Sequestration means fewer F-35s
By MITCH SHAW | The (Ogden, Utah) Standard-Examiner | Published: March 11, 2014
HILL AIR FORCE BASE, Utah — The proposed 2015 Pentagon budget already has fewer F-35s purchases in it then what was previously expected, and if sequestration-level funding persists, the number of jets in the air and the amount of hours to fly them will continue to dwindle.
Secretary of Defense Chuck Hagel's Defense budget for next fiscal year includes $7.9 billion for 34 F-35 Joint Strike Fighter jets -- down from the 42 aircraft that the Pentagon had originally expected to purchase.
For the Air Force in particular, the budget includes $4.6 billion for 26 F-35s, which is four less than previously expected.
The Air Force plans to order 238 jets over the next five years, totalling $31.7 million. But those numbers are anything but concrete.
In an overview of his budget released last week by the Pentagon, Hagel doesn't mention a specific number, but says that prolonged funding at sequestration levels will limit F-35 buys even further, as well as cut pilot training hours.
"Under sequester-level cuts, the Air Force would have to retire 80 more aircraft, including the entire KC-10 tanker fleet and Global Hawk Block 40 fleets," Hagel said. "Flying hours would also be reduced, and F-35 buys necessarily would be cut."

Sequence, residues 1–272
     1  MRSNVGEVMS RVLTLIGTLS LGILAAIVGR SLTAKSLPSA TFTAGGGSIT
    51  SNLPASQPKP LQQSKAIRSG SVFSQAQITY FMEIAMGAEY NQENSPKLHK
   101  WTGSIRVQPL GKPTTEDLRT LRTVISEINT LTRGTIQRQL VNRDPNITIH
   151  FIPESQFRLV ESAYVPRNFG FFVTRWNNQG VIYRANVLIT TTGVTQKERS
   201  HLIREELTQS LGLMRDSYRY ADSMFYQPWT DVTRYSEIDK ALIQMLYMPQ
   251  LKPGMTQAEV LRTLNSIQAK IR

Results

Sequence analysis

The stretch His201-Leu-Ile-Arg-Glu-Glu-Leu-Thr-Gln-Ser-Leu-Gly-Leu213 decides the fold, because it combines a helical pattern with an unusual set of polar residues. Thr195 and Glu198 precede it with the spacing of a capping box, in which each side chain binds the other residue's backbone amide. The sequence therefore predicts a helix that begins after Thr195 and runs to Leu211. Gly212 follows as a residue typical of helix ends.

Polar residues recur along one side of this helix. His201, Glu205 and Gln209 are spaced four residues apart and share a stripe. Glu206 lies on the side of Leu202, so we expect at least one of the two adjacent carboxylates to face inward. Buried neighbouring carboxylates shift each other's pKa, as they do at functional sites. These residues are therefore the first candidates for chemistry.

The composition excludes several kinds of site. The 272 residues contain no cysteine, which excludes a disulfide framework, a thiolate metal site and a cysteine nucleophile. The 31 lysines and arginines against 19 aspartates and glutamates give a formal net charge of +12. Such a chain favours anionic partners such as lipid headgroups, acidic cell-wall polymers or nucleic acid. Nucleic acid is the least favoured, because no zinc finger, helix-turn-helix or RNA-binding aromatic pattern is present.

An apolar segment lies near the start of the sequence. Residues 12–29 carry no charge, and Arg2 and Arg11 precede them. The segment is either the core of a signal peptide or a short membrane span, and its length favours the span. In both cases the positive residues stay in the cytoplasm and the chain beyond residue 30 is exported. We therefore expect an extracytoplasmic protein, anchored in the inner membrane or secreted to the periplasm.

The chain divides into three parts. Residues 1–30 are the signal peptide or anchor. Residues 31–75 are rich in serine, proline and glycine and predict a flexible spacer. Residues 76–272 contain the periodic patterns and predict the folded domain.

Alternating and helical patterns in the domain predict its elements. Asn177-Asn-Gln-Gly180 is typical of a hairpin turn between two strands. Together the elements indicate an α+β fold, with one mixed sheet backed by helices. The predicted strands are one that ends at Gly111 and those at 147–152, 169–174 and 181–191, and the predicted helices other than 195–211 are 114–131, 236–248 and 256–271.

Pilots at Hill Air Force Base have already seen flying hours reduced as a result of sequestration. Last year, 24 F-16 pilots from the 4th Fighter Squadron were forced to stop flying between April and July as a result of sequestration.
A report from the National Commission on the Structure of the Air Force says many of those pilots still haven't caught up to their peers, with some up to 50 percent less experienced in the F-16 cockpit.
Rep. Rob Bishop, R-Utah, said the United States military already has an aging fleet of aircraft that struggles to keep pace with new technological advancements occurring around the world and the defense budget further reduces the nation's air capabilities.
"The budget would reduce the number of F-35 aircraft that will be built in FY 2015 by eight," Bishop said in a statement. "Such actions would delay the program and drive up costs."
While the Air Force outlook seems a bit dark, things are much worse for their counterparts in the sea.
Over the next five years, the U.S. Navy is set to order 35 F-35Cs -- the version of the jet that can land and take off from an aircraft carrier -- which is 33 fewer than originally planned.